The Blessing of Korea’s Busses
I have spent the majority of my life with the worst traffic in America.
Growing up in the Washington, DC area, I remember turning on NBC4 news each morning and hearing about the slow commute on the beltway and in the city itself. Today, I do everything I can to avoid driving in the city, especially during rush hour. Unfortunately, Washington does not make that easy with the notoriously unreliable-but-good-looking-to-tourists Metro system that charges insane rates for extremely poor and slow service.
Naturally, after wanting a change from DC, I moved to a place with even worse traffic: Los Angeles. I still don’t understand how the 10-something lane highways always manage to be packed no matter time of day or night. Public transit in Los Angeles is in its infantile stages, with an ineffective subway system, an expensive and somewhat intimidating commuter rail (Yes, Mr. Police Officer, here’s my ticket, now please don’t shoot me!), and an unclear bus system.
The world once envied the United States for its cross-country rail, effective inter-state highways, and reputable air transit industry. Today, it’s all pretty much the worst. While I love Amtrak, Congress’ fear to subsidize it fully leads to ridiculously high prices compared to the rest of the world. The cheap busses between NYC and DC are one of the better options; however, numerous sketchy operators with questionable safety records sully their appeal. The highway system is still impressive, but the planners didn’t design for the number of cars they must now carry. Air transit quality is dropping rapidly–I was a frequent flier throughout college and have come to expect misery when flying.
That brings me to South Korea. As my time here whittles away, I find myself often reflecting on what it is going to be like to go back to America and how the reverse-culture shock will affect me. Sure, I’ll miss the no-tipping policy, incredible cuisine, and my effervescent students. But, one thing that will leave a void, and I’m almost remiss to say this, is the Korean intercity and express bus system.
Am I really going to wax poetic about a bus? Yup.
Public transportation in Korea is great. City busses can be a bit jarring, but they are frequent and fast. The Seoul subway system is a modern marvel in terms of getting around safely, quickly, and on the cheap. However, the best parts of Korea’s public transit system are the intercity and express busses.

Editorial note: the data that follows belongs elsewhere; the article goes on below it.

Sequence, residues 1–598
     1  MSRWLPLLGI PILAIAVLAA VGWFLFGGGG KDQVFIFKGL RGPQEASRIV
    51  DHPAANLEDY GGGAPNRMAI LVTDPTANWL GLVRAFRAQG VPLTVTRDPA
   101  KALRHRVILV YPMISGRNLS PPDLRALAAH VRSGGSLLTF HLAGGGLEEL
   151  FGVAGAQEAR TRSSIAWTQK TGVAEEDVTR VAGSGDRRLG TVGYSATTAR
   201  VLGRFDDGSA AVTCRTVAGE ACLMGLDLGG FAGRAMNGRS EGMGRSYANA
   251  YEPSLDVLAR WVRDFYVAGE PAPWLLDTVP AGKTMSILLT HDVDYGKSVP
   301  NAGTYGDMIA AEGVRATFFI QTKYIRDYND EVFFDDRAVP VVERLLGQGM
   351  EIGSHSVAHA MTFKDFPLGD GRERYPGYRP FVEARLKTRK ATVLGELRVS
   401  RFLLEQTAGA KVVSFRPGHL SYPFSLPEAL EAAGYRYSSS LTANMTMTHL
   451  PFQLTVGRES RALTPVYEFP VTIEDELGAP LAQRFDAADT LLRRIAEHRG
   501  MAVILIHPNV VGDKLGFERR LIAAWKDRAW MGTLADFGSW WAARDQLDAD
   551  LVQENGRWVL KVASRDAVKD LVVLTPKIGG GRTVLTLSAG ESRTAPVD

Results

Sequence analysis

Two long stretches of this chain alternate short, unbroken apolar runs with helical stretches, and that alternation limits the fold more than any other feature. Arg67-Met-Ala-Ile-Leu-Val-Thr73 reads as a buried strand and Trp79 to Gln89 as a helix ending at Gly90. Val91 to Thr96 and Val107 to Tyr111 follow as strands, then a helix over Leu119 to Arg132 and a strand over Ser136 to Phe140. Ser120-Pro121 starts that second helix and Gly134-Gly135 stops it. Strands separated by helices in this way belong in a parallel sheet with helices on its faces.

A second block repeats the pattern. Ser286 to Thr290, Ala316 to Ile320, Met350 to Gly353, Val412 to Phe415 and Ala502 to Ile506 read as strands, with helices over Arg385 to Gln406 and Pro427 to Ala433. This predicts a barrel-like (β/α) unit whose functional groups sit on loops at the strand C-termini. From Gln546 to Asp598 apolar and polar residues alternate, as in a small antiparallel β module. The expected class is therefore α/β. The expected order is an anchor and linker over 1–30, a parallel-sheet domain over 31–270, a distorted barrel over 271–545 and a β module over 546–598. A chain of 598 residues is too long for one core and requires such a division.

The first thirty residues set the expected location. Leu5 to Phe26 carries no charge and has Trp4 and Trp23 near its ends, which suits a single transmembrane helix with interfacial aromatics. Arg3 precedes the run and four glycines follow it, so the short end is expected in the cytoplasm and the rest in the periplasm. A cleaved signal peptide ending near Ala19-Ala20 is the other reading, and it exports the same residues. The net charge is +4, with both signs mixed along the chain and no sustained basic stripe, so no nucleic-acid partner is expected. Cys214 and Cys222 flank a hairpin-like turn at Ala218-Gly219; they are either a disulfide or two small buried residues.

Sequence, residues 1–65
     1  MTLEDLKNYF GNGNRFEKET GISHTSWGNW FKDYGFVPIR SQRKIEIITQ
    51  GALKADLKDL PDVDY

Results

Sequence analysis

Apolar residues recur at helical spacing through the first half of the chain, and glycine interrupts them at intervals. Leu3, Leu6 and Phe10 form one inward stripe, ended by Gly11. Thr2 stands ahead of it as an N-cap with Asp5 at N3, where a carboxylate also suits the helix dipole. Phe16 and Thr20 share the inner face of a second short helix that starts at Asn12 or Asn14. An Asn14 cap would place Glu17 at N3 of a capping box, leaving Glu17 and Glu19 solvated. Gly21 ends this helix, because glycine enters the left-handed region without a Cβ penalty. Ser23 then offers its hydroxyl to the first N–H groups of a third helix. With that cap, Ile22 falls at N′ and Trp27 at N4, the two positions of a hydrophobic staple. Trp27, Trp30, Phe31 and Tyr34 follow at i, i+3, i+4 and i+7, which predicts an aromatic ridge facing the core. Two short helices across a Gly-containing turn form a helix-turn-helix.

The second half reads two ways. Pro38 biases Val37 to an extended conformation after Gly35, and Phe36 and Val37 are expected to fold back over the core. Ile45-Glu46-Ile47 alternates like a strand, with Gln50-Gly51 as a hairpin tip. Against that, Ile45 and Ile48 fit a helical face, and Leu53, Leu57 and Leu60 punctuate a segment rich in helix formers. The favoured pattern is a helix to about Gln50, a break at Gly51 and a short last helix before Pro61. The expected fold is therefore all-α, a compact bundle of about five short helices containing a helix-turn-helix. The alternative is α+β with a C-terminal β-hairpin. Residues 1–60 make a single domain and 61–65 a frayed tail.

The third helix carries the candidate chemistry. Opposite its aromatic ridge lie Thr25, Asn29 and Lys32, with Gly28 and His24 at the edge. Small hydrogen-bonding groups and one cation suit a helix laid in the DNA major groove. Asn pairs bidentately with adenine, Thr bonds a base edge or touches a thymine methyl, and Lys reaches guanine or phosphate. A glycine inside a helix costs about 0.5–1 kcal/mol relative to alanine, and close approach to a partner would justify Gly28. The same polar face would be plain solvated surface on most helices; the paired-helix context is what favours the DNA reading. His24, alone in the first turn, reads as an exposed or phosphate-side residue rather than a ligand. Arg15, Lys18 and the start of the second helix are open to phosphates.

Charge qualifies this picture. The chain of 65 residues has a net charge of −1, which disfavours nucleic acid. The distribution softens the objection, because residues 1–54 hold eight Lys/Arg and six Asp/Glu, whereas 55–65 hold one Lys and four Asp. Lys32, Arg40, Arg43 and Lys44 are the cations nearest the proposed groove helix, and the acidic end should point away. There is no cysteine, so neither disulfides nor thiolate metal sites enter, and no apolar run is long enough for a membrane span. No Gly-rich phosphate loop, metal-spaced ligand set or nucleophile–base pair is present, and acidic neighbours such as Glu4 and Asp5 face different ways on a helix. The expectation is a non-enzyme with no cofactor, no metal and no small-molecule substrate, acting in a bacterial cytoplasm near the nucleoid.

In Korea, there is no stigma towards taking a bus; everybody rides them. There aren’t horror stories like there are about Greyhound in the USA. Busses here are cheap, frequent, and easy to use. My town is about 1-½ hours from Seoul and there are busses on the hour everyday. Not only that, but the busses are inexpensive, about $7.50 one-way to Seoul. You get all of the service too, as the busses leave on the dot, seats are assigned so there’s no scramble, and there’s plenty of luggage room.
Even for foreigners, using the bus is easy. You show up at the local bus terminal, go to the window, ask for a bus to X location at Y time, and pay. The end. No figuring out specific bus companies, as long as you can mumble the name of your destination and date, you’re in the clear. Not only that, but the tickets themselves have English to tell you the platform, time, and seat number. If Korea became a more popular tourist destination in Asia, travelers would consider it one of the easiest countries to get around.
Comparing Korea and the USA in terms of an intercity bus system is a little bit unfair–Korea is a much smaller country. The longest bus in Korea would probably be about 7 hours, while in the U.S. busses could take days to travel cross-country. Still, there’s a lot we can learn from Korea to make busses a more attractive option to Americans, which could ultimately have a positive effect on the environment and overall congestion on our roads. In Korea, there are designated bus lanes, so that even during the busiest traffic busses stay on schedule. The rest stops are palaces to motorists. Most cities have both express and inter-city bus terminals, the former serving all of the major routes non-stop, the latter hitting all of the smaller towns.
Pundits often suggest, as I have, that America should step up in creating a world-class rail system; perhaps encouraging public transportation through busses would be a good place to start. For now, I’m going to continue to enjoy exploring Korea with inexpensive fares and in relative comfort!
Posted on 04/02/2014, in Fulbright South Korea 2013-14 and tagged America, Asia, backpacker, bus, busses, Cheongju, english, ETA, express bus, Fulbright, fulbright english teaching assistant, Korea, KTX, mass transportation, Ochang, public transit, public transportation, Seoul, South Korea, train, Travel. Bookmark the permalink. Leave a comment.